Motherwort is an erect perennial that was introduced to North America and has now naturalized. It grows from 18 inches to five feet on stout, ridged, prominently square, hollow, greenish stems with a few ascending branches.
Leaves are dark green, thin, floppy looking, with a slight rough surface due to fine hair. The larger lower leaves are palmately divided, usually with 5 pointed lobes and from 3 to 4 inches wide. The stalks are as long as the blade causing the drooping look and the stalks are also 4-angled with dense hair on the angles. Middle stem leaves will have 3 lobes and small upper leaves can be lance shaped without lobes. All leaves are prominently veined and have wedge-shaped bases.
The inflorescence is a series of numerous whorl-like clusters containing 6 to 15 flowers, arranged around the stem at the leaf axils of the upper leaves. In the mint family this arrangement is called a 'verticillaster' where the flowers look like a whorl arrangement but are actually in cymes that rise from the axils of opposite bracts.
Flowers: Individual tubular flowers are usually stalkless and composed of a broad upper lip that is hairy on the upper side and slightly recurved, and then a lower lip split into a center lobe and two side lobes. The side lobes recurve and fold under the center lobe. These corolla parts are usually whitish on the outside and pinkish to purplish on the inside and short - 1/3 to 1/2 inch long. There are 4 stamens, paired, the 2 in front being the longest, and one style. The outer calyx tube is green with 5 sharp pointed teeth. Imp: Each flower is shorter in length then the leaf stalk it is next to.
Fruit: Flowers mature to a brown capsule with 4 brown nutlets that are 3-angled, 2 to 3 mm long, and with fine bristly hair on their apex.
Habitat: Motherwort grows best in partial sun with moist rich soil. It will show up along woodland edges and disturbed areas. It grows from a rhizomatous root system which will from colonies by the spreading of the rhizomes. It is not considered invasive by any state.
Names: The genus name Leonurus, is from the Greek meaning 'lion's tail' which some species of this genus were thought to resemble. The species name, cardiaca, refers to 'the heart' and references the old medicinal use of the plant as explained below. The common name of Motherwort is also explained below by Culpepper. The author name for the plant classification, 'L.', refers to Carl Linnaeus (1707-1778), Swedish botanist and the developer of the binomial nomenclature of modern taxonomy.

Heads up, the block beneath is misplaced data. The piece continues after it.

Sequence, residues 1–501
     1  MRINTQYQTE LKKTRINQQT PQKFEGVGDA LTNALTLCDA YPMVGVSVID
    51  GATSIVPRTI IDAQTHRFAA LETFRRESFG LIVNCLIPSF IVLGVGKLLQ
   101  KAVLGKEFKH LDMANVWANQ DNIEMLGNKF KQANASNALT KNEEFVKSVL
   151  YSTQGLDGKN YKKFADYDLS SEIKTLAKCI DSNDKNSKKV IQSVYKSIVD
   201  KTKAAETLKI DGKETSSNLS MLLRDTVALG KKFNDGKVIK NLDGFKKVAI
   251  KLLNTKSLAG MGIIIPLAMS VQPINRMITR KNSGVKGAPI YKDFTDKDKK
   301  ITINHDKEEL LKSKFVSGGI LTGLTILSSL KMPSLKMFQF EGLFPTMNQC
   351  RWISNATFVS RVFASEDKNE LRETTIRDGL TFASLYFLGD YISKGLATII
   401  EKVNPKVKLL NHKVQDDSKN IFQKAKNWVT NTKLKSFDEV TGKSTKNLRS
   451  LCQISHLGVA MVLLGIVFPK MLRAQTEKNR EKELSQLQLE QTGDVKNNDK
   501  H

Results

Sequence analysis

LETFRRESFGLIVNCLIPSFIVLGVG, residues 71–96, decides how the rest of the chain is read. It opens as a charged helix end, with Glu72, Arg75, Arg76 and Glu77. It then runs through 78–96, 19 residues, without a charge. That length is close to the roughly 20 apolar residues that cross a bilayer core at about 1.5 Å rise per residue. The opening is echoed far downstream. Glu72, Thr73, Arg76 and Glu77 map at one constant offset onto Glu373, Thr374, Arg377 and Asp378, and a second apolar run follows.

Comparisons: Members of the mint family tend to have flowers in what look like whorls around the stem at the leaf axils. Motherwort's lobed leaves are distinctive. Compare Wild Mint, Mentha arvensis.
Above: The inflorescence in the upper stem section. Illustration by Dr. Otto Thome.
Above: 1st photo - A flower raceme showing how flower verticillasters form in the leaf axils. 2nd photo - Lower stem leaves will show the most palmately divided leaves. 3rd photo - Mid stem leaves have a reduced number of lobes. Only the very upper new leaves may be without lobes.
Below: Individual flowers have an extremely hairy upper lip. The inside of the lower lips and the anthers are a darker purple. Note the angled stem with fine hair on the angle. Note also that the angled leaf stalk is longer than the flowers.
Below: Seed capsules - each flower produces 4 nutlets. Many can be seen on the late summer stalk (1st photo) arranged with the each capsules squared off sides tucked next to each other . By early winter (2nd photo) most of the dark 3-angled seeds have been dispersed. The stalk remains persistent into winter.
Notes: Motherwort is an introduced plant not native to the Garden. Eloise Butler liked it enough to plant it in 1912 with plants sourced at what is now Minnehaha Park in Minneapolis. She brought in more in 1919 two times. Motherwort is found throughout the U.S. except California and Florida and all of southern Canada except Labrador and Newfoundland. In Minnesota it appears in over half of the counties with most exceptions being in the north half of the state.
Uses and Lore: Motherwort is a native of Asia that made its way to Europe and then to North America with the settlers who used it as a herb for medicinal purposes, especially in the preparations of tonics and decoctions for strengthening palpitations of the heart. (see Hutchins Ref. #12). The tops and leaves of the plant were used. Culpepper in The English Physician writes: "There is no better herb to take melancholy vapours from the heart, strengthen it, and make a merry, chearful, blythe soul, than this herb. It may be kept in a syrup or conserve; therefore the Latins called it Cardiaca. Besides, it makes women joyful mothers of Children, and settles their wombs as they shoud be, therefore we call it Motherwort. It is held to be of much use for the trembling of the heart, and faintings and swoonings; from whence it took the name Cardiaca." (Ref. #4b, Pg. 215)
References: Plant characteristics are generally from sources 1A, 32, W2, W3, W7 & W8 plus others as specifically applied. Distribution principally from W1, W2 and 28C. Planting history generally from 1, 4 & 4a. Other sources by specific reference. See Reference List for details.
Identification booklet for most of the flowering forbs and small flowering shrubs of the Eloise Butler Wildflower Garden. Details Here.
Friends of the Wild Flower Garden, Inc. Text and photos are by G. D. Bebeau unless otherwise credited. "www.friendsofthewildflowergarden.org"